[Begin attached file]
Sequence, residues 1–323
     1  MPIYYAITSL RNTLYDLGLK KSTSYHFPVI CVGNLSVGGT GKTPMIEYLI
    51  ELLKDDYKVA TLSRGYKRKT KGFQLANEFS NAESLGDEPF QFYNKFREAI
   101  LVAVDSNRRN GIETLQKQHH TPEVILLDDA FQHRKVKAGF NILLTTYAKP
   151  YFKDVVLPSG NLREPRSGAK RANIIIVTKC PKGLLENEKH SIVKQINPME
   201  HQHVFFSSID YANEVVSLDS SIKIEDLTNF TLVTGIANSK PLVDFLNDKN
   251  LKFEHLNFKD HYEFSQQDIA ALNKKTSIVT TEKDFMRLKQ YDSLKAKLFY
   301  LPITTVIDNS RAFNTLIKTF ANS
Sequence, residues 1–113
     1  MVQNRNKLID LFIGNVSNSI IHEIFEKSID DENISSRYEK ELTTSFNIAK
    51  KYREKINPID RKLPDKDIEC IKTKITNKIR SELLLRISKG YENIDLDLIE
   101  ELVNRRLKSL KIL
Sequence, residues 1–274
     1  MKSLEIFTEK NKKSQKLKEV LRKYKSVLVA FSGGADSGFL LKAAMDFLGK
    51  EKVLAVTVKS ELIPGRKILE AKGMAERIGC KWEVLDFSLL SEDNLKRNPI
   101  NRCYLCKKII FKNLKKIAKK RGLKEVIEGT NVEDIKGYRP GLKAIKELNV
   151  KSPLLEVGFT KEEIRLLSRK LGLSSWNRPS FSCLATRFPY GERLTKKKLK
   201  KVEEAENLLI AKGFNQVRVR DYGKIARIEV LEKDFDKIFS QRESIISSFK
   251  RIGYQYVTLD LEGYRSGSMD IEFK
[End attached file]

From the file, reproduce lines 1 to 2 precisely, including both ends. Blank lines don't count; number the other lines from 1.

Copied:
Sequence, residues 1–323
     1  MPIYYAITSL RNTLYDLGLK KSTSYHFPVI CVGNLSVGGT GKTPMIEYLI